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Interstitial lung disease (ILD) develops in 30-50% of patients with polymyositis/dermatomyositis (PM/DM) and negatively affects their prognosis. The progression of PM/DM-ILD may be acute, subacute, chronic, or chronic becoming acute. The histopathological classification of PM/DM-ILD includes non-specific interstitial pneumonia (NSIP), organizing pneumonia (OP), diffuse alveolar damage (DAD), and usual interstitial pneumonia (UIP) or mixed variations. Some patients with acute/subacute interstitial pneumonia (A/SIP), typically with lung histology of OP or cellular NSIP, respond favorably to corticosteroid treatment, while others do not. Japanese patients with DM, especially those with clinically amyopathic DM (C-ADM) and palmar papules, seem to be at a greater risk of developing fulminant A/SIP with DAD histology resulting in pneumomediastinum and fatal outcome in a few months. An aggressive combination regimen including cyclosporine A (or tacrolimus) and cyclophosphamide should be immediately added to corticosteroid treatment for such patients. Sequential follow-up examination using high-resolution computed tomography (HRCT) of the chest and careful monitoring for bacterial and viral infections are essential. However, intensive immunosuppression alone may not be sufficient to control fulminant A/SIP, and other therapeutic targets, such as fibroblasts, should be considered.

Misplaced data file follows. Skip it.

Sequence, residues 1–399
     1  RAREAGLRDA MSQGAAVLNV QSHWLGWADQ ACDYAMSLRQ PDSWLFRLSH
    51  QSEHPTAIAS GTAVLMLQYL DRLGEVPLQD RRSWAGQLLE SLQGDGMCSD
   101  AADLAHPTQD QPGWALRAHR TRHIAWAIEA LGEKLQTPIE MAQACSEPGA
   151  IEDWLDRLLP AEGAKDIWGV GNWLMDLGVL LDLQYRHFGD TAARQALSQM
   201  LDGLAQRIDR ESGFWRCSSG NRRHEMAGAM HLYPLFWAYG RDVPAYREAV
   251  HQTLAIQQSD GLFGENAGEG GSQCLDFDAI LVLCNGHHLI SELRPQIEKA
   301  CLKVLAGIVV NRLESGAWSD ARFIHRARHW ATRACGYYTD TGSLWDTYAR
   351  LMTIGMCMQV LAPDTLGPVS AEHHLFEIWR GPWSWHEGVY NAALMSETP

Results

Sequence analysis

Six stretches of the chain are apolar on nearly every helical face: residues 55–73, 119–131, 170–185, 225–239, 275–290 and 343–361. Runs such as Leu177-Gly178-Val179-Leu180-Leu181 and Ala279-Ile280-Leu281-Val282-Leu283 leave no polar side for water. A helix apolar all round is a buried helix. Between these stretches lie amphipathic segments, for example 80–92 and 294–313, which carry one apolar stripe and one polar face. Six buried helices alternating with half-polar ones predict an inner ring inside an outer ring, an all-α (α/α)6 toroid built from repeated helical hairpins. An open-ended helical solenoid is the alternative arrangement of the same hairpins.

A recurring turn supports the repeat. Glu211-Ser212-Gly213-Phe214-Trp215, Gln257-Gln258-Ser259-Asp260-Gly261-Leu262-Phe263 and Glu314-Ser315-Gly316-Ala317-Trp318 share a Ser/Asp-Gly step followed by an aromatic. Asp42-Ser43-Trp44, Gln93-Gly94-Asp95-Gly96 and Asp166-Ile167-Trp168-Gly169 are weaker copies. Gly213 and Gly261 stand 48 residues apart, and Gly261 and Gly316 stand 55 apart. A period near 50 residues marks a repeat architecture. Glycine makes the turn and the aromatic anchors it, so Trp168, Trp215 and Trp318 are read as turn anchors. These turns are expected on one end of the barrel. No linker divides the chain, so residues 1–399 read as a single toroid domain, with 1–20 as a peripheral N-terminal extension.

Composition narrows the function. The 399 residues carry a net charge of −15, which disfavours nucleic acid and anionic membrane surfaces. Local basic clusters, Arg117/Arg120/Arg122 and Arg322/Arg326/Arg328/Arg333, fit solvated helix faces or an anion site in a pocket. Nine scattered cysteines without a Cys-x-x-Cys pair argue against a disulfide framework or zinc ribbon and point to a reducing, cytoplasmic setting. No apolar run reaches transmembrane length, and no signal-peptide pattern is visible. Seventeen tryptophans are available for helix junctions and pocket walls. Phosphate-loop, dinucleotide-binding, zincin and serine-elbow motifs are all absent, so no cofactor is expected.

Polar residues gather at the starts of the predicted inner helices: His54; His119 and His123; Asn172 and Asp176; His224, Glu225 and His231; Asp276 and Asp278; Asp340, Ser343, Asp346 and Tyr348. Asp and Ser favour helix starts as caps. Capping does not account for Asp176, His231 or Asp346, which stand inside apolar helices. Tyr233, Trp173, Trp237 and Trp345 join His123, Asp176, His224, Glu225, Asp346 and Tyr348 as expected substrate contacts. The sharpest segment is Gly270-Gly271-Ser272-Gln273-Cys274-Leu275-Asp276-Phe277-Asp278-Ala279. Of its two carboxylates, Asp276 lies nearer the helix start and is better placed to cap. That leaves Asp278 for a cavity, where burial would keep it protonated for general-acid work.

Division of Rheumatology/Clinical Immunology, Department of Internal Medicine, Saitama Medical Center, Saitama Medical University, 1981 Tsujido-machi, Kamoda, Kawagoe, Saitama 350-8550, Japan.
Publication date: December 1, 2006
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This journal is devoted to timely reviews of experimental and clinical studies in the field of endocrine, metabolic, and immune disorders. Specific emphasis is placed on humoral and cellular targets for natural, synthetic, and genetically engineered drugs that enhance or impair endocrine, metabolic, and immune parameters and functions. Topics related to the neuroendocrine-immune axis are given special emphasis in view of the growing interest in stress-related, inflammatory, autoimmune, and degenerative disorders.